2050 Pathways: Keep it simple

Oswaldo Lucon, Climate Change Adviser, São Paulo
Reading time: 5 minutes
25 June 2019

In this blog, Oswaldo Lucon, Climate Change Specialist for the State of São Paulo, reflects on his visit to Wales in April 2019 to learn and exchange best practice on the long-term decarbonization of states and regions. The secondment was supported by the Under2 Coalition Future Fund.

Long-term decarbonization: the importance of decision-making

The 2015 Paris Agreement is the most important global instrument for climate action and policy. Nationally Determined Contributions (NDCs) were the first step for national governments to pledge to keep global temperatures well below 2°C. Under the agreement, countries are expected to uplift their ambition by 2020. To date, 11 countries have done so.

States and regions play a key role in this process, which requires coordinated efforts and mutual understanding. They can enhance their efforts by joining the Under2 Coalition, a network of state and regional governments, committed to the goals of the 2015 Paris Agreement, representing more than 1.3 billion people and over 43% of the global economy.

How do we get there?

The Climate Group, as the Secretariat of the Coalition, promotes two initiatives to assist regional governments towards these objectives through the Future Fund and the 2050 Pathways Workstream. These provide opportunities for governments to partner, share knowledge and engage in peer learning, for development of a pathway towards long-term decarbonization.

Exchange with Wales

My conversation with the Welsh Government began quite informally at the Under2 Coalition General Assembly in California in 2018. We discussed the 2050 Pathways Tool developed by the UK Department for Business, Energy & Industrial Strategy (BEIS) and both found it to be a reliable and practical concept and tool, with already a considerable global outreach, including in Brazil.

Outcomes from the secondment

During my visit to Wales in 2019, we compared model outputs from Wales and São Paulo and discussed how to improve and provide means to further outreach this tool to other Under2 Coalition members willing to start a 2050 Pathways process. There, I could work on a more accurate definition of the 2050 Pathways tool, as well as its pros and cons.

Besides comparing the 2050 outcomes, my visit allowed me to better understand the Welsh Government´s newly released low carbon plan. The secondment was also very fruitful in terms of mutual understanding on how both governments work, their goals and strategies. We identified a lot of common ground, which we hope to take forward with the Under2 Coalition.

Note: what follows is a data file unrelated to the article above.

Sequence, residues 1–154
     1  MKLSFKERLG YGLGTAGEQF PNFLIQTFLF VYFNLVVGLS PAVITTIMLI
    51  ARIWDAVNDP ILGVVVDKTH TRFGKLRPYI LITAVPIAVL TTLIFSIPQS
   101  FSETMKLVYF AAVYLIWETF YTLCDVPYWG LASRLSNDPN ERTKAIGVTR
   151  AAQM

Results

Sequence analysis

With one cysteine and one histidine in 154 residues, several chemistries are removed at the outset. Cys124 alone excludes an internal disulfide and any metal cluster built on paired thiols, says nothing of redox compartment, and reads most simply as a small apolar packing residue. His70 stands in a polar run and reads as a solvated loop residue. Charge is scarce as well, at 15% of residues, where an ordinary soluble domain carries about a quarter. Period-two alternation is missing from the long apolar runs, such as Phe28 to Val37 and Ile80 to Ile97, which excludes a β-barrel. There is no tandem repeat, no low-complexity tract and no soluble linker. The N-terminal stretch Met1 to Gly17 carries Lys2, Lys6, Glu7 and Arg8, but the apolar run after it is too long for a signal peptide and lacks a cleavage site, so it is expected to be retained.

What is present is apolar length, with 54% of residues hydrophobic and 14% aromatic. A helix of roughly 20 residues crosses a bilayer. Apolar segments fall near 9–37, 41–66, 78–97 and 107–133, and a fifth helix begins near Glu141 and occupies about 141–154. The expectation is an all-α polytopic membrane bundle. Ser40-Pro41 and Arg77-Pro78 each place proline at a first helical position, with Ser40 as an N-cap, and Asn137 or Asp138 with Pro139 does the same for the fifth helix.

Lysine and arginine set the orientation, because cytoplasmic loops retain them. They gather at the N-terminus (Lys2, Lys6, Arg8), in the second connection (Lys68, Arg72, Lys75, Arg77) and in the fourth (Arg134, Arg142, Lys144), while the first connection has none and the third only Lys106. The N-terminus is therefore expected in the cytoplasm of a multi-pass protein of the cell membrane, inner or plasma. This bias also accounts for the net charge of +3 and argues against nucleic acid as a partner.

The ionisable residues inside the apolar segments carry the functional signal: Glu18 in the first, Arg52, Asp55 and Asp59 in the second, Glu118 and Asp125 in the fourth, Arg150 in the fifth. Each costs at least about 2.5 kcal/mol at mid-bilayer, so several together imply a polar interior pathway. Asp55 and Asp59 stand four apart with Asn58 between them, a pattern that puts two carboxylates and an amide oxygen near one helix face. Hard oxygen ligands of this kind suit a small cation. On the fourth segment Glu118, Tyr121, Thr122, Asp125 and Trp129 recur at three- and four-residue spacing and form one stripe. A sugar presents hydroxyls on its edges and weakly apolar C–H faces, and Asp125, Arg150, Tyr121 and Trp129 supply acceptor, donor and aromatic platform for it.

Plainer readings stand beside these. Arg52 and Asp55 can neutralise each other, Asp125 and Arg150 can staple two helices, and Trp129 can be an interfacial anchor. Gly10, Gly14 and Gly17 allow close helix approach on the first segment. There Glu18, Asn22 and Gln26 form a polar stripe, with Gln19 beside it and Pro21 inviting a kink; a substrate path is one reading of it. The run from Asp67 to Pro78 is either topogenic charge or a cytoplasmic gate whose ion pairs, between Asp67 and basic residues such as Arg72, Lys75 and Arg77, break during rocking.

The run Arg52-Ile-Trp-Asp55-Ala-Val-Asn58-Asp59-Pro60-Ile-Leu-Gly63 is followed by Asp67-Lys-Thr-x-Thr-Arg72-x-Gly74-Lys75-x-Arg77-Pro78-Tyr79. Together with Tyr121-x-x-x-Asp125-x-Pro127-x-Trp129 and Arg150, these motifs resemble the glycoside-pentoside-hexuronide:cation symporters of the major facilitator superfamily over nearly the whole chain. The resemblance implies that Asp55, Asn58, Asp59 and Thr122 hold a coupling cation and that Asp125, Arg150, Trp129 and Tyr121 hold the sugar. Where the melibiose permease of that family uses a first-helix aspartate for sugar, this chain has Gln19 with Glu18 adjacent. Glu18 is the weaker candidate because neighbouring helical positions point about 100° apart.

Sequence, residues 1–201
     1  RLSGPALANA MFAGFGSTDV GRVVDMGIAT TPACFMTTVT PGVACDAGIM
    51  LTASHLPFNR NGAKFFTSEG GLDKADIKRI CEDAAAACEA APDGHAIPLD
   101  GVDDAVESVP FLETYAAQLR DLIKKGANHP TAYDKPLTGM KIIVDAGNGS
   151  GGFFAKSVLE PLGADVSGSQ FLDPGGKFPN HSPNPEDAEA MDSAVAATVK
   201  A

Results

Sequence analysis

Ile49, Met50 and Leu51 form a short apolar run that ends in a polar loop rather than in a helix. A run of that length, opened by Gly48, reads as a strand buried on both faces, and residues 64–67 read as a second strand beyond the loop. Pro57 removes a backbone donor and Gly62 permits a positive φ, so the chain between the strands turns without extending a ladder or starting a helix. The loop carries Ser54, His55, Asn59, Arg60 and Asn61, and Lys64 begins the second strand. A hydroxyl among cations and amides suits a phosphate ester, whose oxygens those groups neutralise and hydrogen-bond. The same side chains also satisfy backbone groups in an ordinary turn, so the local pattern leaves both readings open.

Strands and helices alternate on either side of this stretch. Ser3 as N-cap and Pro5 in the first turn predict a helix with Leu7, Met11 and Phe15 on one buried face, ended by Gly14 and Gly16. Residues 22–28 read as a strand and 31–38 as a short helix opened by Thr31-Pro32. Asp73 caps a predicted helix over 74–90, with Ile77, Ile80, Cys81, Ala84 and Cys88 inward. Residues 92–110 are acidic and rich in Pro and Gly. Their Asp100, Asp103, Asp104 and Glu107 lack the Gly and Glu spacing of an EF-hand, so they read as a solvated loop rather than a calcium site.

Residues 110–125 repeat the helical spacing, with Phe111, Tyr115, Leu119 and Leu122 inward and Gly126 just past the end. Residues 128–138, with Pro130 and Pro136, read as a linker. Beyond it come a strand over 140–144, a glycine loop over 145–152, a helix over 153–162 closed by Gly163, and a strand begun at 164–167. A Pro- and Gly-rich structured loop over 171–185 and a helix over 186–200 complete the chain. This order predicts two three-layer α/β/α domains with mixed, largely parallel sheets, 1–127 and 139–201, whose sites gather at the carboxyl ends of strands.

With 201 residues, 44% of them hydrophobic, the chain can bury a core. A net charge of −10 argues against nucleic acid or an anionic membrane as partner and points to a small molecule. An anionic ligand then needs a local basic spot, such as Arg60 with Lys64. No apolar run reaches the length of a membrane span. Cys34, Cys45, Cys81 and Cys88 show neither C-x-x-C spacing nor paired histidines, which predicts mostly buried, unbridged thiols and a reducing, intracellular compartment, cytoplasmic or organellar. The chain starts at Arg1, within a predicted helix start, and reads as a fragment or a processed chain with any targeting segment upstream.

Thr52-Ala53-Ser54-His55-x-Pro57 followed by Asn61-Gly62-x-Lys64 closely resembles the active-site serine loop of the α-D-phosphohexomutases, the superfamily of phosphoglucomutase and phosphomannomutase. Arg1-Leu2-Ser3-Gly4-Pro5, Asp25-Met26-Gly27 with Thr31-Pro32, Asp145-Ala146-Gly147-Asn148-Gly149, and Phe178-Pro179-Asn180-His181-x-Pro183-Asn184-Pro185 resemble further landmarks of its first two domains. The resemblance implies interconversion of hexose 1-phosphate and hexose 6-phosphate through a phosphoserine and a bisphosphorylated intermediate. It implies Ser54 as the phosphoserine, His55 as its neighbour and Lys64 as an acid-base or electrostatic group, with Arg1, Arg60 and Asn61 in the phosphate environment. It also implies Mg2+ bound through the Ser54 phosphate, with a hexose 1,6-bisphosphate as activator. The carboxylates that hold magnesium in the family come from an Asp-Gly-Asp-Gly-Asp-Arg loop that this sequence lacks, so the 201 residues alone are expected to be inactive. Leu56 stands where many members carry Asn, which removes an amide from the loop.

I learnt a lot from my peers in the Welsh Government during the visit and I greatly appreciated Wales for making this possible. I believe that there is a huge potential to be explored for all Under2 Coalition governments through various means such as workshops, webinars, side events and technical visits. Hence, my testimonial is that physical presence is fundamental for advancing climate policy implementation. This is the best bit about secondments.

Practical results will be presented at the next United Nations Climate Change conference, COP25 in Santiago. Hope to see you all there. We have got the will; now we need to put into action.

A view from the Welsh Government

“The Future Fund has provided a unique opportunity for us, in the Welsh Government, to share our knowledge with the region of Sao Paulo on our 2050 model. Hosting the international visit has facilitated a valuable exchange of ideas between Wales and São Paulo, with a specific focus on our approaches to long-term pathways modelling. It has allowed us to see our own work from a different point of view and identify areas which we can expand and adapt to get more out of our tool. It was a pleasure to host and we would recommend the process to all states and regions to not only share their expertise but to also learn from others.” - Calum Shaw, Welsh Government

Acknowledgements

In particular, I’d like to thank Lucy Corfield (Head of Decarbonisation), Sam Clemmens (Senior Evidence Adviser), Josh Beeson (Assistant Economist), Emanuela Piga (PhD Student from Cardiff University), Robert Bailey (Carbon Budget Strategy Manager), Monjur Mourshed (Professor of Sustainable Engineering at Cardiff University), Lori Frater and Stuart Lyden (International Cooperation), Rob Knowles (Climate Adaptation and Well-Being) and Calum Shaw (Welsh Carbon Budget Strategy).

For more information:

Oswaldo Lucon, Climate Change Adviser, The São Paulo State Secretariat for Infrastructure and Environment, Brazil, https://www.infraestruturameioambiente.sp.gov.br/en, olucon@sp.gov.br

Calum Shaw, Carbon Budget Strategy, Welsh Government, https://gov.wales/calum.shaw@wales.gov.uk

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